>> it always supports the newest revisions, including Spectre/Meltdown
>> support. This alone is a killer argument for me to use ATF.
> So ARM creates new PSCI version, ARM implements it into ARM trusted
> firmware, and then presents it to the users as the latest greatest.
Yes, that's the definition of a reference implementation. And it's Open
Source with a permissive license.
> That sounds a bit like the old windows development model -- one company
> does everything and then presents it to developers for them to consume.
PSCI is an interface, with a publicly available spec. You can go ahead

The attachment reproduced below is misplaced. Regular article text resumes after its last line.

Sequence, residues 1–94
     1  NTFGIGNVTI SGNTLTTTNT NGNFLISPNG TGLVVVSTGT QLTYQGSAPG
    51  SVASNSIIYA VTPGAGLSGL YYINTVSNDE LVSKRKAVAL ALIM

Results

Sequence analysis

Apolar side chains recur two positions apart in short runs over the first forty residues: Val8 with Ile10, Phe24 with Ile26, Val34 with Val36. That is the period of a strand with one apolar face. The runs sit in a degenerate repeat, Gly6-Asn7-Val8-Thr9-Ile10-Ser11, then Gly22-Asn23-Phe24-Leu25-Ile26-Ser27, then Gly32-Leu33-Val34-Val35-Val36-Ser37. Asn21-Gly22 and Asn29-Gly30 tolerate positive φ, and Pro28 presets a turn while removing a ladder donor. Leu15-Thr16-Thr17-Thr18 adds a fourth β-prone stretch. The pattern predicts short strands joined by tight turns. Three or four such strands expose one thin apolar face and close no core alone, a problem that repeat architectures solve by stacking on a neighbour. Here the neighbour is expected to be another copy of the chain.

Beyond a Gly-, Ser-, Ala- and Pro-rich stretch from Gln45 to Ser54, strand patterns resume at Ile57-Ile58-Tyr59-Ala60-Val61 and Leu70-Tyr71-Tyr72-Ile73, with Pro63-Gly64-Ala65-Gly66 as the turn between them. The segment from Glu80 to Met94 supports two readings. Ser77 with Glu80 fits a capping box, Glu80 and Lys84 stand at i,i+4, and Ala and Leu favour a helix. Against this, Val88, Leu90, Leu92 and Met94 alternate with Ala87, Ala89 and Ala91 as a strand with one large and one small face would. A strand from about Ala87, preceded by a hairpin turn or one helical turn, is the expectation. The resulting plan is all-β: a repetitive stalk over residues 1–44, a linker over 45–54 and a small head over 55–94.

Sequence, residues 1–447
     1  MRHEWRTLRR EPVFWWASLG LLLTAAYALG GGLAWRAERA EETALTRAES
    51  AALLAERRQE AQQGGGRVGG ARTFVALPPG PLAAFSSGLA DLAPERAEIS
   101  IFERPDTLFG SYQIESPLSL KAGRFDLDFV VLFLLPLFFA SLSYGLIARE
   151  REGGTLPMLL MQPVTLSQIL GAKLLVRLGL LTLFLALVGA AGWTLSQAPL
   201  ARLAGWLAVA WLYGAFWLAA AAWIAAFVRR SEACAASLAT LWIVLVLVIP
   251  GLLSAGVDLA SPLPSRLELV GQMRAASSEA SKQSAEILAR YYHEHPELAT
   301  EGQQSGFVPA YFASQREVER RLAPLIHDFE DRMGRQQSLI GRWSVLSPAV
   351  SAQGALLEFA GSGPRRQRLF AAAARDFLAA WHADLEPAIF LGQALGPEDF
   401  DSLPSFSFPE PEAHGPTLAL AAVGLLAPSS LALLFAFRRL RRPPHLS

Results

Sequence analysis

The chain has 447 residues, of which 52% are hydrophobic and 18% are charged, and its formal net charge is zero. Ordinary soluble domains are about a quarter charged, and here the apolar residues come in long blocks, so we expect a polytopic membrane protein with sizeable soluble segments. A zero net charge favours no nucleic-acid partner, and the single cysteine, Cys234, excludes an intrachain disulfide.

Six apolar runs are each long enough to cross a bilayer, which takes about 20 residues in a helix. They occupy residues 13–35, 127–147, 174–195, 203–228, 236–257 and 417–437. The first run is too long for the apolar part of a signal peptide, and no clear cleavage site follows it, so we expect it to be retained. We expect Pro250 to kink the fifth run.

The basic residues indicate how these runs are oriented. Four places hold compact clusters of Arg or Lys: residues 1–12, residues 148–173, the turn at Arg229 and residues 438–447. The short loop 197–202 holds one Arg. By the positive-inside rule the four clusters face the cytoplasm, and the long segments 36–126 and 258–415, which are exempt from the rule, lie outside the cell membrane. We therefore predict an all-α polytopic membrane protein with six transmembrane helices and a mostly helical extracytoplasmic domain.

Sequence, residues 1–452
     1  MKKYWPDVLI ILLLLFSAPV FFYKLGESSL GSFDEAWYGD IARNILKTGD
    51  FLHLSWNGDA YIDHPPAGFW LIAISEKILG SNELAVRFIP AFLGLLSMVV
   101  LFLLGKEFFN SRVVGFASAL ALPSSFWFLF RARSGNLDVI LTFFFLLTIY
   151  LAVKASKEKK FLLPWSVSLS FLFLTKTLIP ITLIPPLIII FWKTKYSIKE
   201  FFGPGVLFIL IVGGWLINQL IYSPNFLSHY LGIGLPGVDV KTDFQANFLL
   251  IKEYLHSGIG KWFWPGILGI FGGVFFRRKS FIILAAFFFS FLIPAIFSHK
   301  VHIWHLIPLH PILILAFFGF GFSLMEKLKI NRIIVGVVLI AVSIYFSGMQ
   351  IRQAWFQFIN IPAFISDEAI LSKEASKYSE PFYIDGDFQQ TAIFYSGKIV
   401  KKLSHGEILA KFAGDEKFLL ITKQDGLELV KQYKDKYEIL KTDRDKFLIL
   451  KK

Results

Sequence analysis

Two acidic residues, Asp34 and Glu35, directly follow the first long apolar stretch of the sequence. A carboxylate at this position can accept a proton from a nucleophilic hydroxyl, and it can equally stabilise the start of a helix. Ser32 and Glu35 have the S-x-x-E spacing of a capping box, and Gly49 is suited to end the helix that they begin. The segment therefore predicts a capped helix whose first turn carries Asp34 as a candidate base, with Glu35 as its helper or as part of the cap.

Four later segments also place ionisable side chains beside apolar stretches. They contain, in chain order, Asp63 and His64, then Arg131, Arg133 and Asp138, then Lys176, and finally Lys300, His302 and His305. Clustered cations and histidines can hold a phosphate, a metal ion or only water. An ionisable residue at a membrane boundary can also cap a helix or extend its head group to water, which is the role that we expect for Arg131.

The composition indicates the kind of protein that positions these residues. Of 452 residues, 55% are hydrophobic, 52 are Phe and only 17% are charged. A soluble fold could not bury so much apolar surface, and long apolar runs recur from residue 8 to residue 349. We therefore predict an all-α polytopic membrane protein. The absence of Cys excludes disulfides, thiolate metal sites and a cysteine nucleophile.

and implement it yourself - and U-Boot does. And by using PSCI, you win
so much, because SMP in *any* kernel suddenly becomes very straightforward.
So if you mean with "Windows model" that there is a standard that makes
everyone's life easier by providing compatibility and well defined
interfaces - I agree. For everything else I fail to see how it would
> My recent impression of ATF development is there is no community around
> ATF, so I presume there is no interest from collecting any feedback on
> the PSCI development from people outside of ARM, is that right ?
ATF and PSCI are two quite separate things, it's just that the former
implements the latter.
And I am not sure how the community aspect relates to the feedback
process. Section 1.1 in the PSCI PDF tells you about how to report back
Anything in particular you want to discuss about PSCI? Happy to make